Tag: advice (page 1 of 14)

“Time to Break the Cycle” By Alex Stone

You wake up to the annoyingly persistent buzz-buzz-buzz of your alarm clock. The sun has just begun to creep up over the horizon, starting its day just as you are beginning yours. Your bed is so warm, so cozy. It is almost painful to force yourself up and out of bed. Yet, you know you must because there are essays to write, projects to do, and notes to study. It is another morning, another day, and you find yourself just counting down the hours, the minutes, the seconds until you can crawl back into bed and get some much-needed rest before taking on the next day.

Throughout the semester, we can all find ourselves feeling this way, like we are in a constant cycle of work and worry. As Honors Students, taking many challenging classes, getting involved in exciting research opportunities, and participating in time-consuming extracurriculars can begin to make life feel overwhelming at times. The work may keep piling up, but the desire to accomplish that work keeps finding a way to remain out of reach. And yet, while I have found myself in this position a time or two this semester, I have also found a way to break out of this dangerous cycle, and hopefully you can too.

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“Diagnose and Treat Bad Study Habits” by Alex Stone

This summer, I began the daunting and lengthy process of studying for the medical school entrance exam, or as most people know it, the MCAT. (Cue gasps of horror!) Scary, I know. I was nervous but excited to take this next big step in my academic career. When I had signed up for the exam, it was February and the start of the spring semester. My actual test day, which was at the end of August, seemed ages away. I took my time getting organized, finding study materials, and even purchasing a prep course—though not a necessity, it seemed like the right choice for me and my situation. While I did prepare for the many months of studying ahead of me, I was leaving my bad study habits untreated.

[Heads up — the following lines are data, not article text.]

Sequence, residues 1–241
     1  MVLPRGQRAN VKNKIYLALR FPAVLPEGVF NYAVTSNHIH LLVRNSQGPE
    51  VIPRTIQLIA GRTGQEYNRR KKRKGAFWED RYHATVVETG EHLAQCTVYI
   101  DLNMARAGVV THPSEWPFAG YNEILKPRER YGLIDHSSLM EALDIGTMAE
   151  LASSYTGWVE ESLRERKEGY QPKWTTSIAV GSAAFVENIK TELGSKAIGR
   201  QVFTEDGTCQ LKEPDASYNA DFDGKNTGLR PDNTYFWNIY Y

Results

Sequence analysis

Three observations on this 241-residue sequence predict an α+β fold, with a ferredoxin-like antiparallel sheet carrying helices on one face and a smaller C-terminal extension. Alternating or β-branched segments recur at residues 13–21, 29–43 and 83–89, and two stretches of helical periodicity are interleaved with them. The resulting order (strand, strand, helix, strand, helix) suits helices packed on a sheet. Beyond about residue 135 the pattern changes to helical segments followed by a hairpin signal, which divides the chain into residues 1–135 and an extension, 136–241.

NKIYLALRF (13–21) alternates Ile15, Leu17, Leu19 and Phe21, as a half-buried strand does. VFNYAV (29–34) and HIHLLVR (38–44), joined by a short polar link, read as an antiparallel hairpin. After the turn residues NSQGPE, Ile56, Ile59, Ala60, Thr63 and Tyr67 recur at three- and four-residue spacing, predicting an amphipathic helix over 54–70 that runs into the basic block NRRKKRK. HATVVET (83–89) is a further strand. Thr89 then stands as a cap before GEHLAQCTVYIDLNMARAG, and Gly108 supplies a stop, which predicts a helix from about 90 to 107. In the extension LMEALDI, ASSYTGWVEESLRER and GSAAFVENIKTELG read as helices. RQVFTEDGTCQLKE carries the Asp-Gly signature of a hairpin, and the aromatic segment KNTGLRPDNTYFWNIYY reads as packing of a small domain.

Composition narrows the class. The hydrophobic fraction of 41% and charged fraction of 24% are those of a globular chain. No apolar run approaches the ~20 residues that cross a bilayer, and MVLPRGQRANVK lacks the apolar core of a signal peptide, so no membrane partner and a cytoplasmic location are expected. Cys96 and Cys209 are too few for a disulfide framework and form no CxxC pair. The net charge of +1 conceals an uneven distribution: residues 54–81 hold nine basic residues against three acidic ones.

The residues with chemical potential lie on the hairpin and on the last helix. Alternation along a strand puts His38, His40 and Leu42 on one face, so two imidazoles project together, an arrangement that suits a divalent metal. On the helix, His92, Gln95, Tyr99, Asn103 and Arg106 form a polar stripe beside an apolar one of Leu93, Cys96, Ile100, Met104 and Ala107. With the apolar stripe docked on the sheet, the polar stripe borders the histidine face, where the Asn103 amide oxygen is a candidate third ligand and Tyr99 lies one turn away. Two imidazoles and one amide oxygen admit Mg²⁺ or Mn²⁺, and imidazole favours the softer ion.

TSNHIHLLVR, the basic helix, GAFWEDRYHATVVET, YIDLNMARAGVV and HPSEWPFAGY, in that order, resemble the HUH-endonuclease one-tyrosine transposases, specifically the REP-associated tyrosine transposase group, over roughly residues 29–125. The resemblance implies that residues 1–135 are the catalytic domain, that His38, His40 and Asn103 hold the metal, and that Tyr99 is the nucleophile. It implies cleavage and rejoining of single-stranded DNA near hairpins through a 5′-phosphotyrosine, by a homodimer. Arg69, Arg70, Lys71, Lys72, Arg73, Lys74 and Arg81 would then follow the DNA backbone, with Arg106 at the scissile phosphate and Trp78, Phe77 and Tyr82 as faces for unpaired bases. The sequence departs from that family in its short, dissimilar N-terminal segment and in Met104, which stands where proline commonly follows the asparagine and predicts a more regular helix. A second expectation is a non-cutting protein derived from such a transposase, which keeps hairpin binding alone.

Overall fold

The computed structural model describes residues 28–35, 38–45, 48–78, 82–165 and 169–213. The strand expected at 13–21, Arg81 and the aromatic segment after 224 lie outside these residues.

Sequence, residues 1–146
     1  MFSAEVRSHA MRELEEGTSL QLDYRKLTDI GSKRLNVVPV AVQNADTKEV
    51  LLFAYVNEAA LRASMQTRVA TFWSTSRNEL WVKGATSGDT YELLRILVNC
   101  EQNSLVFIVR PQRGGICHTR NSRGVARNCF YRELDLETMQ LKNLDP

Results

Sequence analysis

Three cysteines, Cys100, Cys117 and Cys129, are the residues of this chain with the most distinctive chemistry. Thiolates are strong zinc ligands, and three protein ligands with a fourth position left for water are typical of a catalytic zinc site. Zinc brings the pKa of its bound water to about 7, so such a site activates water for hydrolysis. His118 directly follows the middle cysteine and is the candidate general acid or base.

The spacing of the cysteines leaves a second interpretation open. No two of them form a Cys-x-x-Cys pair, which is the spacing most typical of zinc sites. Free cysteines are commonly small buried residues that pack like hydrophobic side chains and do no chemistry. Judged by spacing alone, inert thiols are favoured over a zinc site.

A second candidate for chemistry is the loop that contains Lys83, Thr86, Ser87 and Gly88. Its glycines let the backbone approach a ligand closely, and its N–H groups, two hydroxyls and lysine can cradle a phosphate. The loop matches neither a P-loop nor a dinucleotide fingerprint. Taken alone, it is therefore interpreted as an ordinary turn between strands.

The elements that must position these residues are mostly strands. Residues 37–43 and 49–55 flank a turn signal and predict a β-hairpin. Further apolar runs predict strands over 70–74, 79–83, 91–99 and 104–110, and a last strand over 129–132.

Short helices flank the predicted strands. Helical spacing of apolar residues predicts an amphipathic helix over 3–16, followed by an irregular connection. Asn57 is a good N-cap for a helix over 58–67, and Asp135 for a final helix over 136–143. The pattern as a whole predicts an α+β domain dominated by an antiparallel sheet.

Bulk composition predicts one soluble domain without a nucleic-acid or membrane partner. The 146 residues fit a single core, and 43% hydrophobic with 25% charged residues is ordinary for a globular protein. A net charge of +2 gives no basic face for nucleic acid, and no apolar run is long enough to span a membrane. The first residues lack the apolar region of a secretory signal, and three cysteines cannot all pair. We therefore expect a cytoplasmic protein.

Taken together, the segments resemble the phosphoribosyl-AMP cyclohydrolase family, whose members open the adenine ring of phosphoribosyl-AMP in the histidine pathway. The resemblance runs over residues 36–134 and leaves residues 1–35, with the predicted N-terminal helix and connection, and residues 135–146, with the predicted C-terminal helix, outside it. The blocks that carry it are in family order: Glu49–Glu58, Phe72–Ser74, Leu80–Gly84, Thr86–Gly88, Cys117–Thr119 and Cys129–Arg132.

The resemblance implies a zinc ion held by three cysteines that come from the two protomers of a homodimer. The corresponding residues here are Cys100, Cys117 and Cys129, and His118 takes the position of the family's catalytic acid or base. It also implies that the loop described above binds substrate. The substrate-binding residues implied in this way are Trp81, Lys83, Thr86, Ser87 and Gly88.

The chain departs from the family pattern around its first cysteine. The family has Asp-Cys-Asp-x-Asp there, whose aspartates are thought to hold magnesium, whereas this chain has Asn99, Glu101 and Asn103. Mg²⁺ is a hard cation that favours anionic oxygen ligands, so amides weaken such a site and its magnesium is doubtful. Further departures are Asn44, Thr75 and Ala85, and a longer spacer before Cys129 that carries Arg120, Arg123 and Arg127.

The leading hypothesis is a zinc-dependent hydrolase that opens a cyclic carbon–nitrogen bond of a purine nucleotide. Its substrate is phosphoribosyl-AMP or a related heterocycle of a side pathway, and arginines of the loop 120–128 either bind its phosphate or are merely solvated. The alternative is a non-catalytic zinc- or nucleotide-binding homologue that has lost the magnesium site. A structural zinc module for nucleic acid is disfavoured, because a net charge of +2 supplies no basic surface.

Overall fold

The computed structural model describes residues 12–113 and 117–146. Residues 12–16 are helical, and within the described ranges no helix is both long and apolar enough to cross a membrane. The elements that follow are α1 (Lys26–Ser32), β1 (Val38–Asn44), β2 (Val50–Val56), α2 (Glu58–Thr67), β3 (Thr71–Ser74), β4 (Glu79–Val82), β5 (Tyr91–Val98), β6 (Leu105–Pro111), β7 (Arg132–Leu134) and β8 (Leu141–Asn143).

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“Lessons Learned in a Busy Week” by Chris Hope

This semester has been quite the busy one, though it might be hard to find someone who won’t relate to that statement. Midterms ending some weeks ago, fall break on the horizon but just out of reach; it can be a time of wanting a rest from what just was, but not being able to have that rest just yet. For myself, a piece of that business has been occupied by the recent showing of HTAC’s Shrek the Musical and the Tech Week preceding it. 

For the unaware, Tech Week for a theatre company is the week before opening night where all hands are on deck with daily rehearsals and constant work to improve upon performance and technical aspects, which in my case included creating or improving the show’s props and finding places for them backstage. Over the course of the week I realized that the sort of shifting emotions and work relate to the way they similarly shift throughout the academic semester, and each day has a way to be summarized and has something that can be learned from it. With that said, here are some lessons I learned from each day of Tech Week.

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“A Letter to My Freshman Year Self” by Alex Stone

Dear Freshman-Year self,

On a beautiful and sunny September day during the start of senior year, I decided to take a bike ride. I have always wanted to explore the trails around UD. But it wasn’t until senior year that I discovered the trails by the train tracks on South Campus extend way beyond North Campus as well. So, on that fateful day in September, I rode along those leaf-strewn trails, under the shade of the towering trees, and beside the rushing sounds of the river. Since it did take me four years to happen upon these trails, I couldn’t help but think: what would it have been like if I found them freshman year? 

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“Tuning Out the Noise” by Grace Kearns

Every coming-of-age movie I’ve watched in the past year copied and pasted the exact same opening scene: move-in day. Teary-eyed parents fade into the distance, waving goodbye to their little girl, as a Taylor Swift ballad cues the credits. The protagonist (with her unrealistically small number of suitcases) is greeted by the unbearable roommate, before later befriending the heartthrob boy-next-door. These movies, while entertaining, leave out the true meaning of move-in day. It is not just the start of a new year or the start of new friendships. In Newark, it is the start of house hunting season.

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